Fact 9: Land-use restrictions make housing more expensive.

In competitive markets, the prices of used goods are typically constrained by what it costs to produce a new equivalent. In the case of housing, prices could be expected to closely track the cost of acquiring land and constructing a new house. Indeed, for much of the country, housing prices have historically been closely tethered to construction prices (Glaeser and Gyourko 2003). It is therefore striking that the inflation-adjusted price of housing in the United States has risen far faster than construction costs since 1980, as demonstrated by Gyourko and Molloy (2015) and shown in figure 9. Although construction costs have remained roughly stable, the price of land has increased dramatically (Nichols, Oliner, and Mullhall 2013).[14]

The increasing price of land is not entirely due to geographic and space constraints such as steep slopes or coastlines that make it hard to build, although this does play an important role (Saiz 2010). As Gyourko and Molloy (2015) point out, it is generally possible—in a physical sense—to build higher-density housing, allowing for more housing units on a given piece of land. Instead, legal restrictions on the use of land and the construction of new housing have driven increases in housing prices, particularly in places like New York City and San Francisco, and a decrease in housing supply elasticity, as discussed in fact 8 (Glaeser, Gyourko, and Saks 2005, 2006).

When a given place experiences an increase in labor demand, employment rises, fueled in large part by in-migration from the rest of the country. Some places are better able to accommodate labor demand shocks than others. In the long run, the employment response is about 10 percent higher in places with unrestrictive land-use rules than in places with restrictive regulations (Saks 2008). Most research shows that more-stringent residential land-use regulations restrict housing supply elasticity, resulting in higher housing prices and less construction (Gyourko and Molloy 2015). The higher prices in booming cities can make it difficult for new workers to move to these cities, thereby lowering economic growth and opportunity for the country overall. Overly restrictive land-use rules are substantial impediments to accessing high-wage employment, as discussed in a Hamilton Project proposal by Daniel Shoag (2019). These supply constraints develop in part because homeowners have incentives to limit new development that might decrease their home values (Fischel 2001; Gyourko and Molloy 2015).

Real Construction Costs and House Prices, 1980–2013


[1] State and local governments account for a substantially higher share of economic output than does the federal government. Government contributions to 2017 GDP—as opposed to total spending, which includes transfers—were 6.5 percent at the federal level and 10.8 percent at the state and local levels.
[2] Intergovernmental transfers make up about 39 and 33 percent of local and state government revenue, respectively (BEA 2017; authors’ calculations). For local governments, this estimate includes transfers from states.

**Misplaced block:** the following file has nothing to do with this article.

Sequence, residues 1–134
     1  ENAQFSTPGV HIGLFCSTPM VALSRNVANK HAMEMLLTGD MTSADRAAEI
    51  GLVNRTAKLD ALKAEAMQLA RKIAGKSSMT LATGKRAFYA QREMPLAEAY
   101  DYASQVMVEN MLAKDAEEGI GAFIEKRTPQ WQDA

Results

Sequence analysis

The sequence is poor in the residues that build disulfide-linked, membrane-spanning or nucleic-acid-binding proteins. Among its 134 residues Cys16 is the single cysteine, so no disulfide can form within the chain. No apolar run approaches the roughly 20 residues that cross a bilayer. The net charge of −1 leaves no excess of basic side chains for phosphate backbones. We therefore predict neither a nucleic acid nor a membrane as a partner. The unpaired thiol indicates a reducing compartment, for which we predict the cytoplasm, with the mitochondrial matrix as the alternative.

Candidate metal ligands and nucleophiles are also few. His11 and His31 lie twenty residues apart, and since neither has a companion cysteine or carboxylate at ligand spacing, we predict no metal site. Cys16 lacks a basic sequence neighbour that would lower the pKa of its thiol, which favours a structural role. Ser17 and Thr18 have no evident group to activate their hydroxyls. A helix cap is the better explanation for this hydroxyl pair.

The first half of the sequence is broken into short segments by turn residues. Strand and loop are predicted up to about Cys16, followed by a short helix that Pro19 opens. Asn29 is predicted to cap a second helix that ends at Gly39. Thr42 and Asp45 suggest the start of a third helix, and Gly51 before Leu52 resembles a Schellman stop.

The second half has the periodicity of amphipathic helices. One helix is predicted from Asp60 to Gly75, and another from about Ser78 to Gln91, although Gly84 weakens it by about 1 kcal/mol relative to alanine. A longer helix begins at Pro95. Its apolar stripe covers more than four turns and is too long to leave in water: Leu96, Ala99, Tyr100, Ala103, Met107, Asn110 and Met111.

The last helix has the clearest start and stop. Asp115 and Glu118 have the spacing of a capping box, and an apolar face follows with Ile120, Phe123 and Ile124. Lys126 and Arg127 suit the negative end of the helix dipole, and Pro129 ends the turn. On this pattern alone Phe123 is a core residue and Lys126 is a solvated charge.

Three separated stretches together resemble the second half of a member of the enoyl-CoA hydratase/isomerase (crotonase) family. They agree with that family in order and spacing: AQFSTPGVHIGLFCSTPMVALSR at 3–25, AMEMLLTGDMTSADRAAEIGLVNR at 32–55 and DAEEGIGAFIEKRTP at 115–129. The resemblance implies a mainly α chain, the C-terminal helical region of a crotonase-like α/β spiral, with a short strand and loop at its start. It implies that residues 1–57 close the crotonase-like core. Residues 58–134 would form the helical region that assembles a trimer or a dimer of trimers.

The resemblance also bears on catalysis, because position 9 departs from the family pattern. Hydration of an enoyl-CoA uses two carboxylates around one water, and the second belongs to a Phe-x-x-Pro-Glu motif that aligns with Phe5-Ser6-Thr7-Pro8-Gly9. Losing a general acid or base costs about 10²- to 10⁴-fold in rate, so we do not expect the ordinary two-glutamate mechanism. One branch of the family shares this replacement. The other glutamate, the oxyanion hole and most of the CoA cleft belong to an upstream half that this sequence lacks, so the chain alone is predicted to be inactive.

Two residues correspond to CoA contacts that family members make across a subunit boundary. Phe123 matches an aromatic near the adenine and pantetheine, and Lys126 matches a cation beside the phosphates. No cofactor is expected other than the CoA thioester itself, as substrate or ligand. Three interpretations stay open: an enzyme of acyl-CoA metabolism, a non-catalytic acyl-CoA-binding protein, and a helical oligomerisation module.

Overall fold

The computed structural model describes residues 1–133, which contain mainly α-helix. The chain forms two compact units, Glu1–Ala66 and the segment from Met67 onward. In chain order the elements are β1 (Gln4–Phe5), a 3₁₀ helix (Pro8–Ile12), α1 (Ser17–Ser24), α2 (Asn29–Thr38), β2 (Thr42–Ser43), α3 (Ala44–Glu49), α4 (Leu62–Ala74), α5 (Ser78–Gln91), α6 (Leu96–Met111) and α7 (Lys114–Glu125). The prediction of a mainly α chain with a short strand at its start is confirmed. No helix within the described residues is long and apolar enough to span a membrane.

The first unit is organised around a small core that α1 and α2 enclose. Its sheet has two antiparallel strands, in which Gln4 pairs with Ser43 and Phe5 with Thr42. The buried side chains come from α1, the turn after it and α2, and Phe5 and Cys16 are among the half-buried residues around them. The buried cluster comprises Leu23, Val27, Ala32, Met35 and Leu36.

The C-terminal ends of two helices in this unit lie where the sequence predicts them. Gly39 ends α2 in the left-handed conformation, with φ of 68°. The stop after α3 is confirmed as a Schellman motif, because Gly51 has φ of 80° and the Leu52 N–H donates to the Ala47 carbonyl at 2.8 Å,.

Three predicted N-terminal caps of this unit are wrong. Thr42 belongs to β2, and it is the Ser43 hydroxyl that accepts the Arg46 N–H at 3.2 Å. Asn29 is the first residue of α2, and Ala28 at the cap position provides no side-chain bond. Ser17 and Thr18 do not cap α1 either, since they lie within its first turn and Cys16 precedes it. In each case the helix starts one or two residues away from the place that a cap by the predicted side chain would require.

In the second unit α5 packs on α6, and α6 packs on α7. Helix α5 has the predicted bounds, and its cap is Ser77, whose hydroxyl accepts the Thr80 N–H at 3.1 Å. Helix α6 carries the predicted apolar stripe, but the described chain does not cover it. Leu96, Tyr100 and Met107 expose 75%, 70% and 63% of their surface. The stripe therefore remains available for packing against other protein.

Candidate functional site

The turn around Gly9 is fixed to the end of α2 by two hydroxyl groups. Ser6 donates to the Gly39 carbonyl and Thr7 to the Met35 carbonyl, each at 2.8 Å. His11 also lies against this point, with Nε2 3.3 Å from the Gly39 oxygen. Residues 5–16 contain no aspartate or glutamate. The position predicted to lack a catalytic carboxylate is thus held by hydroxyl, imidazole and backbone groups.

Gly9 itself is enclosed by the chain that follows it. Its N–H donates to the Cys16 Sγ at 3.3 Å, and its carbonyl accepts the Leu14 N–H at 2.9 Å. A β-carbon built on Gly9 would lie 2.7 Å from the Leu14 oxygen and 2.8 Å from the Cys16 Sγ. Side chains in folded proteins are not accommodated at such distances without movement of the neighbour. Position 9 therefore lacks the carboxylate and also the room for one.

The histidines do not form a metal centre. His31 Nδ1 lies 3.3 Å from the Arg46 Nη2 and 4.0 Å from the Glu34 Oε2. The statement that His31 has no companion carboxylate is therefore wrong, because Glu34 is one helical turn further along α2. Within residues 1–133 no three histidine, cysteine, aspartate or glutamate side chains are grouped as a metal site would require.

[3] For more granular analysis of state and local revenues and expenditures and in figure 2, we rely on estimates of direct general expenditures (expenditures that exclude government-run liquor stores, utilities, and social insurance trusts) from the U.S. Census Bureau’s Annual Survey of State and Local Government Finances (Census 2016b).

[4] Although New Hampshire and Oregon collect no sales taxes, they do collect excise taxes.

[5] Direct general expenditures are not directly comparable to the total expenditures figures presented in fact 1 and figure 1, as they come from different surveys. See endnote 3 for more details.

[6] Medicaid, which accounts for nearly 30 percent of state budgets, falls under both public welfare and hospitals and health (MACPAC n.d.).

[7] The 2017 school year is defined as September 2016 through June 2017, and the data are identified using NAICS code 6111 (employment in elementary and secondary schools). The average for these months is 7.5 million. Note that this number includes all staff employed by local governments in elementary and secondary schools; for teachers, specifically, public employment is around 3.2 million (National Center for Education Statistics 2017).

[8] The Colorado Department of Regulatory Agencies has a particularly important role in assessing occupational licensing policies (Kleiner 2015).

[9] This index is based on rules that were in place in 2009. In particular, it does not incorporate subsequent reforms carried out in states like Illinois and Massachusetts that limited the use of non-compete agreements or those in Georgia that made enforcement more employer friendly. See the Hamilton Project proposals by Marx (2018) and Krueger and Posner (2018) for details on these agreements and suggestions for how to reform their use.

[10] This pattern remains even when adjusting for differences between metropolitan areas, and also when restricting survey samples to commuters who travel by car.

[11] Data from the 1950 census are only available for certain counties and census tracts. However, when comparing census tracts that are unavailable in 1950 with those for which data are available in 1960, we still see low population densities in outlying census tracts.

[12] The introduction of subway systems resulted in similar population dispersion (Gonzalez-Navarro and Turner 2018). At the same time, increases in density around defunct streetcar infrastructure have been extremely persistent (Brooks and Lutz 2016).

[13] Mobility has declined in the United States for a variety of reasons, ranging from population aging to declining start-up rates that diminish job-to-job transitions to declining labor market returns to job transitions (Molloy et al. 2016), as well as possible shifts in the jobs available to lower-skilled workers in large, expensive cities (Autor 2019).

[14] However, construction costs do seem to have risen since the mid-2000s (Romem 2018).